This strikes me as a very particular and pernicious form of atheism, not least because it always seems to be about us ‘improving the world’. It assumes of course that we occupy some position from which we claim to be able to see things as they truly are.

    A couple of other things come also to mind, first an exceptional recent essay of Wendell Berry’s in which he takes issue with the idea of The Future, as if it is some Known (if we just do ‘this’, that will happen!) Amongst other things this seems to turn our account of human existence into nothing more that mechanics, and keeps us out of what presents itself to us in the only moment in which we have life, now.

    Second both of your posts put me in mind of a remarkable book by Iain McGilchrist, a former lecturer in English at Oxford, neuro imager at Berkeley (?), psychiatrist and from his writing somewhat of a polymath. The book ‘The Master and The Emissary’ makes the case that the Modern World is in large part product of our tendency to live out of our Left Hemisphere, which seeks to grasp and put together, and which interestingly is the seat of the emotion of anger (not least when we can’t fix things)
    He charts movements since the C12 which have seen us prefer L over Right Hemispheric perception, in a self reinforcing manner, so that, for example, we seek to solve the problems of industrialism with more industrialism, or management with better management. He suggests we are sleep walking over a cliff.

    Interestingly he says the Left Hemisphere sees things in separation – the Protestant ‘isolated quotes’ came to mind.

    To finish, the Modernist perhaps wants to fix things, but we are Created to Wonder and Worship.

  8. Thank you Fr. Freeman for this insight into modernity and progress and how we try to find God a place here. What else would the Fathers say to us and our modern culture? Do they have a common teaching about “culture?” I’m curious as I’m catechumen in the Orthodox Church.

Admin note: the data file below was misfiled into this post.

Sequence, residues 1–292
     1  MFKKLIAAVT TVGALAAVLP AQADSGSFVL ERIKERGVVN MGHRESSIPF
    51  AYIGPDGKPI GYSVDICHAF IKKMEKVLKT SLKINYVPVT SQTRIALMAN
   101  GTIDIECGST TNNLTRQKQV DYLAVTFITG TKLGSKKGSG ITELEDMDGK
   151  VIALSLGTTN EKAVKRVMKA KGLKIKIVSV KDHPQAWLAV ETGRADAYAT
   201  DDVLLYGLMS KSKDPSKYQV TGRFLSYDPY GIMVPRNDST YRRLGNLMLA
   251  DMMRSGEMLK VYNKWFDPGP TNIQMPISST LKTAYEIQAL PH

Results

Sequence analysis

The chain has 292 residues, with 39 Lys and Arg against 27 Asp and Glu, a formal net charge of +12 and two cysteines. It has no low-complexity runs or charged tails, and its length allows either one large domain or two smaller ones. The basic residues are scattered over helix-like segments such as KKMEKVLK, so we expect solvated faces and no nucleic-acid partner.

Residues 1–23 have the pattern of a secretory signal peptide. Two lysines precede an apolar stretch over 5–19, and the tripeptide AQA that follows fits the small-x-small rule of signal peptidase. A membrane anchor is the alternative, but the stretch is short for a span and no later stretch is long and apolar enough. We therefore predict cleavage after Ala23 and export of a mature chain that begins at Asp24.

Love the poem you posted. Your post and title reminds of the German Catholic mystical theologian Meister Johannes Eckhart’s two poems:

    The soul that wants nothing but God
    must forsake everything,
    even God.
    As long as we have and know who God is, we don’t.
    We are far away
    So can you let your notions die?
    This is the smallest death a soul must undergo
    before it becomes divine

    It’s true,
    sometimes you have
    to break things
    if you want
    to grasp God in them
    in the breaking,
    we allow what’s holy
    to take form
    in us.

  9. This was painful to read because I see myself in the prayer mentioned: “O God, help me not to need you.” And the modern project in my thinking.

  10. Please pray for my niece Stephanida and her fiance’, Jorge. They are facing a really tough health decision.

    Prayers Michael! May God bless and draw them close to Himself!

  11. Michael Russo,
    “Culture” is pretty much a contemporary term, rather than something contemplated by the Fathers. But it would fall under what they call the “world” or simply is one of many false “philosophies.” You might like reading my book.

  12. This discussion reminds me of the old Flip Wilson show, where he was the preacher of the “Church of What’s Happening Now!”. Recently I had a friend, from a church I used to attend, ask me what kind of hymns we sing at our church. She loves some of the new contemporary, and the old classics. When we Orthodox mention that “No, we don’t have drop down screens; words on the screen to sing along to; praise bands playing; or so many of the media centered and modern concepts of “Church” – we lose their interest. Sadly. Even saying that we are the church begun by the Apostles of Christ does not impress them. I actually had more than one person tell me “Oh yeah, they ALL say that!”. The misunderstanding about the Orthodox Church seems rampant. My kids even think I joined a cult. lol We are the ancient faith – we are not “hip”, “cool”, and willing to sell out our beliefs in what God tells us is right – to be popular. God does not need a sound system to teach us the truth and the way. He gave us the Bible.